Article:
The Copenhagen MBA
Sahil Saeed comes from a background in chemical engineering, which he studied as a bachelor’s in his native India. Having started working as a Process Engineer in a pharmaceutical company back home, there’s nothing to suggest he was ready to uproot his life and move halfway across the world. But sometimes the smallest details in life can make the biggest difference.
The company that Sahil worked for in India is a Danish firm, which meant he had the opportunity to work from their Denmark headquarters for six months. It was an experience that was ultimately life-changing. He fell in love with the Danish way of life and made a promise to himself that he would return as soon as possible.
“It was a breath of fresh air for me, coming from such a conservative working culture back home in India,” he tells MBAGRADSCHOOLS. (04:53)
“That’s when I realized the work-life balance and the whole way of working in Denmark – how different it is to India. That’s when I started to think more about an MBA and why Denmark would be a potential location for me to get my MBA,” he adds. (01:32)
An MBA: Opening doors to new locations and new careers
Sahil may have had his heart set on living and working in Denmark, but moving there from India was never going to be straightforward. Being accepted into the MBA program at Copenhagen Business School (CBS) enabled his move to Denmark – and the next step of his life.
“First and foremost the MBA actually enabled me to change my location, so now I’m working in Copenhagen and that would have been very difficult to do if I did not have a Danish degree,” he explains. (11:09)
But the MBA was more than just a ticket to Denmark. The skills he gained during the program allowed him to change job function and explore a totally new area of work. It’s something that simply wouldn’t have been possible without an MBA.
He says, “Because of my MBA I could make the transition from process engineer to validation lead. So I could use all the stakeholder management or higher-level business skills to look at the bigger picture.” (00:41)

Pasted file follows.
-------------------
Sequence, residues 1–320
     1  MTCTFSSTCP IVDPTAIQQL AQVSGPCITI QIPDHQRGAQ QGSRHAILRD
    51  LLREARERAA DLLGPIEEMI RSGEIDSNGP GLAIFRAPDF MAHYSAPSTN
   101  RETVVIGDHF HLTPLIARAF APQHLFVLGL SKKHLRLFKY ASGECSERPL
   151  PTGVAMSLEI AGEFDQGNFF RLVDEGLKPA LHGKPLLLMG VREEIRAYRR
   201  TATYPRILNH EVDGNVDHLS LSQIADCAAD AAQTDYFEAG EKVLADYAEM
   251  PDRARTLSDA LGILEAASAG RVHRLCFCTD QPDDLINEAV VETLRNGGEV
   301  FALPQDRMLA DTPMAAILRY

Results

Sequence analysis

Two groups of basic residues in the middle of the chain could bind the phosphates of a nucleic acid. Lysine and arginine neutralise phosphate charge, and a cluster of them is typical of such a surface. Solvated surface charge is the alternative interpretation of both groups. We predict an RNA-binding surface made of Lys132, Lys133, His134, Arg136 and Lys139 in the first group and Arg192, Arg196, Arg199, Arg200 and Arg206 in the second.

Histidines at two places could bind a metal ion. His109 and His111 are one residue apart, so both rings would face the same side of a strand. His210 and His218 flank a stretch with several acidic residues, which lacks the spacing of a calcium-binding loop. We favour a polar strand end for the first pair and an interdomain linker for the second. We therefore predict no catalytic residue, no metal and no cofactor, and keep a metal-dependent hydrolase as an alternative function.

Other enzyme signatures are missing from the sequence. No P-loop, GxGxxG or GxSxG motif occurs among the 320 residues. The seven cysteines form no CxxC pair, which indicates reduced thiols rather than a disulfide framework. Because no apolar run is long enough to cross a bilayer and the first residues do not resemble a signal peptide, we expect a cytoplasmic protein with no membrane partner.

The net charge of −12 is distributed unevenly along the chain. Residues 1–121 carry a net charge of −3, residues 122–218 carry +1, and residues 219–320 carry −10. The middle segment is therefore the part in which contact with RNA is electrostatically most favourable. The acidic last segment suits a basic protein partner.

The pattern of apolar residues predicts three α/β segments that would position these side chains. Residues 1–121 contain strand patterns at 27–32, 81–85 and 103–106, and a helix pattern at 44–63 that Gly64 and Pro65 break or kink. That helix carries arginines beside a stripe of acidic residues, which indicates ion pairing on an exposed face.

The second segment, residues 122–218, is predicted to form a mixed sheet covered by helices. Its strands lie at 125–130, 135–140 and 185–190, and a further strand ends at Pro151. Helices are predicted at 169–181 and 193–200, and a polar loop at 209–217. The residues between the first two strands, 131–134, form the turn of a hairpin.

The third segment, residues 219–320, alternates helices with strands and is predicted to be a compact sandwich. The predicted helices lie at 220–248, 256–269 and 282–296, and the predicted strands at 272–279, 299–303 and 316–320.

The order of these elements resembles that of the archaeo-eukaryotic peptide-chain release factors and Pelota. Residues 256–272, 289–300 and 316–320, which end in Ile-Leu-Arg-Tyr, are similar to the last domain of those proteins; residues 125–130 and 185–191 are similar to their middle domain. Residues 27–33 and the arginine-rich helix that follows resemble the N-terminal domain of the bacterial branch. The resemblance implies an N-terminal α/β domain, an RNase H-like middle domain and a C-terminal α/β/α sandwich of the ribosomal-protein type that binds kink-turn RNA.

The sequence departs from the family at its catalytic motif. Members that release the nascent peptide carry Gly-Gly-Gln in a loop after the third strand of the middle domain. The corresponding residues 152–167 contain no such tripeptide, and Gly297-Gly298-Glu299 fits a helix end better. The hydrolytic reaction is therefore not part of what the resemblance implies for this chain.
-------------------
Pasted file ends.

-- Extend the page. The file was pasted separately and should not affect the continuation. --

A unique approach to diversity and sustainability in the Copenhagen MBA
The international class at CBS opened Sahil’s eyes to new cultures and new ways of thinking. But it wasn’t diversity for diversity’s sake. Meeting people from so many different countries taught him things he never would have learned otherwise.
“In general it helps you to broaden your worldview,” Sahil tells us. “For me, as someone coming from Jaipur in India, I would not necessarily know what the challenges are if you are a fishing company in Iceland, for example, but I got to learn that while doing my MBA here.” (14:00)
There may have been a dizzying mix of nationalities in his program, but Sahil never felt like a statistic. The small class size and personalized attention meant he was truly able to benefit from the diversity of his cohort.
He explains, “At the CBS MBA, you get to meet all these different people from different nationalities, different professional and cultural backgrounds. It’s a small cohort – only 35 people – and you don’t feel like a number in the class because it’s very personalized and very hands-on.” (02:36)
Much like their approach to diversity, CBS’ focus on sustainability made it feel like a core part of the program rather than a box-ticking exercise. It’s another feature which Sahil believes makes the Copenhagen MBA a unique program:
“The [Copenhagen] MBA is quite different from any other MBA program in the world, in a few aspects. One is sustainability. That comes from the national focus on being green, and that trickles down into the academic institutions as well. I remember we started off with a six-month course just on responsible management and how do we include sustainability as a core part of business and not just something that you do.” (12:44)
Finding your "hygge"
Ultimately, though, it’s the Danish way of life that continues to hold the greatest appeal for Sahil. It’s half a world away in both distance and culture from his native India, but he couldn’t feel more at home. He refers to the Danish concept of hygge to describe the way of life of his adopted country.
“There is this concept in Denmark called “hygge.” It’s a Danish word and basically the closest translation is to just relax and be in the moment. And that’s what reflects in society [here] in general,” he says. “[The mentality is] you go to work, you come back and then you have a life of your own. I’ve seen work days end at two or three in the afternoon so you have your whole day ahead and you can pursue other passions. It’s just the Danish mentality of keeping things light and living in the moment.” (10:00)
Although hygge is an ancient Danish concept, it’s a relatively new one to Sahil. By broadening his horizons and following his instincts to Denmark, it seems he has found his own hygge in Copenhagen.